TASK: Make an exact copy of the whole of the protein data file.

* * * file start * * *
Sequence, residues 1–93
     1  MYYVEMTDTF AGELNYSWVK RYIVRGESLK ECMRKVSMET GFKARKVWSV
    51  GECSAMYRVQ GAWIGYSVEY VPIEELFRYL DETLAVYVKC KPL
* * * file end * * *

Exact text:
Sequence, residues 1–93
     1  MYYVEMTDTF AGELNYSWVK RYIVRGESLK ECMRKVSMET GFKARKVWSV
    51  GECSAMYRVQ GAWIGYSVEY VPIEELFRYL DETLAVYVKC KPL